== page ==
Alec chats about his biggest professional regret. Why does the actor wish he'd learned to sing when he was young? Plus, what does Tony Bennett think of Alec's impression of him?
A class act in every respect, Tony Bennett deserves the same in a documentary tribute, and The Music Never Ends is just that, an 87-minute compilation of music and words that's as likably modest as the octogenarian singer himself. Born in New York in 1926, the former Anthony Benedetto grew up during the Depression, served in World War II, hit the big time in the 1950s, marched in Selma, Alabama with Martin Luther King, Jr., faded from the scene during the rock-dominated '60s, became an estimable painter, and then, with son Danny as his manager, staged a revival that earned him many young fans and continues to this day. All of that is detailed (by celeb talking heads like Harry Belafonte, Martin Scorsese, Mel Brooks, and Alec Baldwin, as well as various critics and pundits) in the film, but the most entertaining content, of course, is the music. There are concert and television performances spanning more than half a century, from "Boulevard of Broken Dreams" in '53 to Monterey in '05 (his gig at that year's Jazz Festival occupies a second disc, with bits and pieces scattered throughout the main documentary); we see Bennett at the Grand Ol' Opry in '55 (singing Hank Williams' "Cold Cold Heart"), on several TV talk fests (including a wonderful, if too short, clip with the great jazz pianist Bill Evans on The Tonight Show), and even on Saturday Night Live, in an amusing bit with Baldwin impersonating Bennett and "Anthony Benedetto" as one of his talk show guests. The presentation is pretty impressive, too: the composers and lyricists of every song are identified, Clint Eastwood co-produced (the principal bonus feature is an informal conversation between the two), Anthony Hopkins narrates, and medleys of several songs (including the inevitable "I Left My Heart in San Francisco") combine Bennett performances from different eras; two especially delightful sequences intersperse Bennett's versions of "They Can't Take That Away From Me" and "I Got Rhythm" with clips from films featuring Fred Astaire and Gene Kelly, respectively. Hot stuff. --Sam Graham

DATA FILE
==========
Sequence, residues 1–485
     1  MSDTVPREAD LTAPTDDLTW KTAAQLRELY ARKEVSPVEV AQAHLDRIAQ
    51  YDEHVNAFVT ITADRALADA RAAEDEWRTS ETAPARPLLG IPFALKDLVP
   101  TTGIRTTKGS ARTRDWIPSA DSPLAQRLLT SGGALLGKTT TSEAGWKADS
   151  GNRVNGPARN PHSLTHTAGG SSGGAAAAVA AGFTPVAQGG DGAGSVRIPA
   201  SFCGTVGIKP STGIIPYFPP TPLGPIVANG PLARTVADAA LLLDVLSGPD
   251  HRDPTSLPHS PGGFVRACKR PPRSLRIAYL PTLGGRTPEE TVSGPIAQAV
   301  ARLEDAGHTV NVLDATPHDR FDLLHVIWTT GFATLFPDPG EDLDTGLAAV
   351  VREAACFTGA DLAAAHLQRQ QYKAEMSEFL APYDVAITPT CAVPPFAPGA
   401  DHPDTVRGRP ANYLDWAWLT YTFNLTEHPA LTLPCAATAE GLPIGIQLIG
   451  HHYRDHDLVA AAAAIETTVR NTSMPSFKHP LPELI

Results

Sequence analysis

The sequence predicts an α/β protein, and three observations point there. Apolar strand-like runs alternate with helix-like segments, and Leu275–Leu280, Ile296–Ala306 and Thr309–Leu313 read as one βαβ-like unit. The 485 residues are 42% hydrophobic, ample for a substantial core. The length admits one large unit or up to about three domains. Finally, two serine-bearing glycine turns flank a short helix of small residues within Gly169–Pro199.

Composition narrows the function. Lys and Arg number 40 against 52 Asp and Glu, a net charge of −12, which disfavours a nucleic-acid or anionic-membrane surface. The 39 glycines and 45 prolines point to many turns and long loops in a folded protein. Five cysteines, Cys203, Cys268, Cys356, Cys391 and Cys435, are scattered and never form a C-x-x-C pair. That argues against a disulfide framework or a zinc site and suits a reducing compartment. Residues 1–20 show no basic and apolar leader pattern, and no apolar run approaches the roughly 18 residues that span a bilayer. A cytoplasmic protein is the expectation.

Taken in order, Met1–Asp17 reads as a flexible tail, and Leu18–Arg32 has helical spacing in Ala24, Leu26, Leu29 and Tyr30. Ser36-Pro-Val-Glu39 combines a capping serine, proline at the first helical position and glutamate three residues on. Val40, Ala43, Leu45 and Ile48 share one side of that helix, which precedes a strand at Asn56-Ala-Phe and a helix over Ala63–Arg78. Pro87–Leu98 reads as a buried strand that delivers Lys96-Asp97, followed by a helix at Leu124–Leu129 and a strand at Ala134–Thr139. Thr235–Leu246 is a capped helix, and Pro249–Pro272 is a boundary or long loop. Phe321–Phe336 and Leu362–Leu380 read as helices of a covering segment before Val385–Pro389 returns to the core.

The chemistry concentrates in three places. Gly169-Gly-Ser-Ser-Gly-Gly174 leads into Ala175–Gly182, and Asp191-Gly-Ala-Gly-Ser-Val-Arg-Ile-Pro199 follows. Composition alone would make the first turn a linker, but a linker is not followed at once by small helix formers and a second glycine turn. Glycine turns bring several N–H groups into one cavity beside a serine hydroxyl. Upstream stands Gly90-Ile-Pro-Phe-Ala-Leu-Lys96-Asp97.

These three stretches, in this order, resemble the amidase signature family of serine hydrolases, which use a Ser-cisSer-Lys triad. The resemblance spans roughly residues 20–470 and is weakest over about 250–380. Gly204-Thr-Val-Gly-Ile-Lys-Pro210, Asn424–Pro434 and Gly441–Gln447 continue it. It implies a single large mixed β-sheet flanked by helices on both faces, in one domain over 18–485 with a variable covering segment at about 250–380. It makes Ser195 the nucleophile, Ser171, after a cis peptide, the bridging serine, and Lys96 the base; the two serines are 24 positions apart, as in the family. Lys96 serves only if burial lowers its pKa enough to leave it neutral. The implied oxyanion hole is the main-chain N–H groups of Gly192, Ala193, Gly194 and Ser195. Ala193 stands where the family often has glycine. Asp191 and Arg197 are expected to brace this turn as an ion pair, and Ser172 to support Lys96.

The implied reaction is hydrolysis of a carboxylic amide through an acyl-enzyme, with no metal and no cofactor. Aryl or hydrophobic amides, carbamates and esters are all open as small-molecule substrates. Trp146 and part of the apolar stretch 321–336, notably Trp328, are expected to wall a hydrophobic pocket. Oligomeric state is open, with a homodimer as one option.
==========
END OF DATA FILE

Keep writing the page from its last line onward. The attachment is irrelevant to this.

Tony Bennett talks about Billy Joel being the Master Class guest speaker at the Frank Sinatra School of the Arts, which Tony and his wife opened in 2001. Also, he tells how proud he is of the students who attend his school.
Tony Bennett joins HuffPost Live to share the story about how Bob Hope gave him his stage name.
Tony Bennett joins HuffPost Live to talk about his painting and how art teaches him 'the gift of being alive.'
Highlights of this day in history: Christopher Columbus sets sail; Europe slides further into World War I; A Cold War case heats up Capitol Hill; Air traffic controllers in the U.S. go on strike; NBA founded; Singer Tony Bennett born. (Aug. 3)
Tony Bennett joins Marc to discuss marching with Dr. Martin Luther King in Selma, and his other activism.
Tony Bennett comments on how Virginia matches up with CCAR.
In this web extra, Tony Bennett visits the Metropolitan Museum of Art in New York City, where he talks to correspondent Anthony Mason about how - as a young student studying both art and music - his art teacher had encouraged his singing.
Meet dickering dog Duke. His master, Tony Bennett, calls him 'the best negotiator in the state of Maine.'
Meet Tony Bennett and his partners, Codfish and Duke.
Award Season '08. Lisa Rinna and Joey Fatone interview Tony Bennett at the 50th Annual Grammy Awards.
For Tony Bennett, anything goes, like breaking records. The 88-year-old music staple's new duets album with Lady Gaga, Cheek to Cheek, has claimed the no. 1 spot on the Billboard 200, helping him break his own record of being the oldest living artist to top the chart. When Bennett was 85 in 2011, he shattered Bob Dylan's record with his star-studded Duets II project. Bennett and Gaga's jazz album, which sold 131,000 copies its debut week, becomes Gaga's third chart-topper.
When a supporter for the mayor elect is found dead, Frank is put on the spot when the mayor wants him to position it to the public as a random act of violence. Meanwhile, Jamie goes undercover at a bar and meets a suspicious patron, on the second season premiere of BLUE BLOODS, Friday, Sept. 23 (10:00-11:00 PM, ET/PT) on the CBS Television Network.
Tony Bennett and Carrie Underwood guest star as themselves and perform at the mayor elect's fundraiser. Tony Award nominee Kelli O'Hara guest stars as Lisa, Erin's close friend. Cassidy Gifford (daughter of Kathie Lee Gifford) guest stars as Mandy, a girl at the bar.
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